ROKiT Venturi Racing’s Susie Wolff: Calculated risks, a racing career reset, and finding the right balance
This Q&A series spotlights people who have done something extraordinary in their career and pushed the envelope in their field. It provides a glimpse into their motivations and what inspires them.
Spotlight on: Susie Wolff, ROKiT Venturi Racing Team principal, shareholder, and former race car driver
Susie Wolff has been the team principal and shareholder of Venturi’s Formula E team since 2018. Before driving the business end of things, Wolff for most of her life had her hands on the wheel of a race car. Starting out with karting as a small child, she advanced to Formula Renault single-seat racing in 2001.
In 2014, Wolff raced at the British Grand Prix, becoming the first woman to take part in a Formula One race weekend in 22 years. A year earlier, she received an honorary fellowship at the University of Edinburgh, recognizing her role as an ambassador for women in sport. Wolff competed in many of the top world races until she retired from the track in 2015, vowing to do what she could to help other women in motor racing.
Wolff shared her thoughts with us about taking calculated risks, changing her career, and finding inspiration from biographies.
Why is it important to take risks in one’s career?
I think it’s not just about taking risks, but it’s about taking calculated risks. You can never fully predict what the outcome will be for each decision you take, but you need to rely on your gut feeling. You need to be OK with the worst-case scenario from the risk that you’re about to take. If you can cope with the worst-case scenario, then absolutely take the risk.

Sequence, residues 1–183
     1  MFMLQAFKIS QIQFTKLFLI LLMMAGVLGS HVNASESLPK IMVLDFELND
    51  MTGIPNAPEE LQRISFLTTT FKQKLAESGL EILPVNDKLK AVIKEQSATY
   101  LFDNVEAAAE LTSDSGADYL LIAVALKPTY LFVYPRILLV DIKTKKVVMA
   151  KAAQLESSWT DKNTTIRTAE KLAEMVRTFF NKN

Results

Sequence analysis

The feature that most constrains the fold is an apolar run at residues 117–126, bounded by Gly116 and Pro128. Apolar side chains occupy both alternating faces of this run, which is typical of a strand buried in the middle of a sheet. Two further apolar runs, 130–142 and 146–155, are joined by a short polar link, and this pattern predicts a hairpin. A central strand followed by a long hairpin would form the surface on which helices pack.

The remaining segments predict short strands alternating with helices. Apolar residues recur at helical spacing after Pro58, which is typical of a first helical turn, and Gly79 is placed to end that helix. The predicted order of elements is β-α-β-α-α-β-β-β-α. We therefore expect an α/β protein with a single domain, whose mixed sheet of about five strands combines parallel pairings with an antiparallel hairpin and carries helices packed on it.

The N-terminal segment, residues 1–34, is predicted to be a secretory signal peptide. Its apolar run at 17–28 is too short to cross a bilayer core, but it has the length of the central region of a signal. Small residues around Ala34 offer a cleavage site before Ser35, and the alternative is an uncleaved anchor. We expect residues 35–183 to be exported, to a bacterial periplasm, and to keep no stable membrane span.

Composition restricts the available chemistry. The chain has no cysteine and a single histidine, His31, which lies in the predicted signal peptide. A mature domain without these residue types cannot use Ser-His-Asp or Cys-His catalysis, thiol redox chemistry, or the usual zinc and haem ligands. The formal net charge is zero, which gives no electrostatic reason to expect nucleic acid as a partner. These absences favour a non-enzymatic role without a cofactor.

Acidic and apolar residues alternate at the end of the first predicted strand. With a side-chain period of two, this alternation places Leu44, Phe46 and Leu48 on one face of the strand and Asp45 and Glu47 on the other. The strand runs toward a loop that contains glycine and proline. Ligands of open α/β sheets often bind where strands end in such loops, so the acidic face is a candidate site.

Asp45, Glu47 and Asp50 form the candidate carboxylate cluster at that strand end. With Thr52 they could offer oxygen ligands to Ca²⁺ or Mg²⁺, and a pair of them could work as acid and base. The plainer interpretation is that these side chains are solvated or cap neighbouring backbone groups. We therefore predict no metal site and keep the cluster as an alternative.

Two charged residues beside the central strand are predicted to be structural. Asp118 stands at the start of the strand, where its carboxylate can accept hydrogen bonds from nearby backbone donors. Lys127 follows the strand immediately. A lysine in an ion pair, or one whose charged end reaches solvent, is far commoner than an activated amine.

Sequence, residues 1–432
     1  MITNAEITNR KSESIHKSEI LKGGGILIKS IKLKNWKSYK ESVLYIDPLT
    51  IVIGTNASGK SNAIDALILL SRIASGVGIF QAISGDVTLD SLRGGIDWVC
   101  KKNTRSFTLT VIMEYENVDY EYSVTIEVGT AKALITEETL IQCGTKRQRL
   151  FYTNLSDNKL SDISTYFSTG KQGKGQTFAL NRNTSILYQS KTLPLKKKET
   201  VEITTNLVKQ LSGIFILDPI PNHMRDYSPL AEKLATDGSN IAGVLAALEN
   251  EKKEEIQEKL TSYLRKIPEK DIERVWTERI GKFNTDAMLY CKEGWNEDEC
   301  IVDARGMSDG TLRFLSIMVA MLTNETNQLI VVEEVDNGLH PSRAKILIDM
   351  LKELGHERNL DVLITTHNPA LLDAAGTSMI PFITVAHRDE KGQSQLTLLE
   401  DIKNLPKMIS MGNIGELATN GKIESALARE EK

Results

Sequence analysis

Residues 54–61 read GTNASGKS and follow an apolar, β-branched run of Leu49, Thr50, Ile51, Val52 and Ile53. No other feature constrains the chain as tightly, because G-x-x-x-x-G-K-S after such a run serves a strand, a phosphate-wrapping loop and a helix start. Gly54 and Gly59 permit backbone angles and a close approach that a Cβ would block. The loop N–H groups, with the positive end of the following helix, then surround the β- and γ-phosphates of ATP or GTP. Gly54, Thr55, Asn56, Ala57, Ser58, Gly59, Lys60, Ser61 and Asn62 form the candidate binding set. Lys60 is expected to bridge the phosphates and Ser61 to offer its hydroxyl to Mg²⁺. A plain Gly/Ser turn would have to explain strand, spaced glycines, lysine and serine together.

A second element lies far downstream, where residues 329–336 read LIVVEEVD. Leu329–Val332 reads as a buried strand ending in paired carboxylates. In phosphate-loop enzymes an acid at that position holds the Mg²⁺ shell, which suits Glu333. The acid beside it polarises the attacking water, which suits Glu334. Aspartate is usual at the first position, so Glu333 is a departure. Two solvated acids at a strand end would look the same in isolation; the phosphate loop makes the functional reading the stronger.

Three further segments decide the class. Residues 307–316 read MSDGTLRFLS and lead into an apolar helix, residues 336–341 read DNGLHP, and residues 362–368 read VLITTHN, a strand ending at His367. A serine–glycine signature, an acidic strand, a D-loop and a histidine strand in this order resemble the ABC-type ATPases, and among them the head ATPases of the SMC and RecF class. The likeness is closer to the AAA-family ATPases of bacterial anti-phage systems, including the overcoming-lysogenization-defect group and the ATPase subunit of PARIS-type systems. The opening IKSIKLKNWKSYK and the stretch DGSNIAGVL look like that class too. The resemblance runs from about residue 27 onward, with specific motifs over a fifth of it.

I’m not someone who takes huge risks in my life without any feeling of what the consequences could be. But in the end, you also have to push yourself out of your comfort zone and realize that sometimes you have to jump into the unknown. You need to trust your instincts and have enough self-belief to make it work.
Share a project scenario or point in your career where you knew it was time to go in a different direction. How did you reset, and what was the outcome?
I absolutely knew it was time to end my racing career. It was very clear for me. I knew that I wanted to walk away from being a racing driver and start with something completely afresh, more on the business side. Initially, I didn’t think it would be motorsport, but it turned out that it was, and I’m very open minded. The job that I’m in now is definitely one that I’m grateful for. I enjoy the challenge. But my gut feeling definitely told me it was time to stop driving.
What is your message to women facing challenges and turning points in their careers?
Trust your instincts. If something doesn't feel right for you, then it probably isn't. Challenges and failures are a very important part of the growth process. Those are the moments that you learn from, and they are the ones that make you stronger. Always remember what your goal is and stay focused on that.
What do you do personally that helps you stay positive?
I think positivity is something you need to be very conscious of. You need to create a life that you live where you have the right balance. Know what makes you happy, and make sure that those are key things that are built into your daily life. And then you need to look after yourself.
When I was a racing driver, I needed to be fit and healthy in order to do my job, and I don’t think any differently now. If I want to perform at the top level in my role now as a team principal, I need to sleep well, I need to eat well, and to look after myself to be able to perform at my best.
Where do you find inspiration?
I read a lot, particularly biographies and autobiographies to learn about other people’s experiences. I enjoy meeting lots of different people. It doesn’t need to be only people I look up to. I think you can learn something from every intelligent person that you come into contact with. It’s about being inspired by those around you and their stories and experiences.
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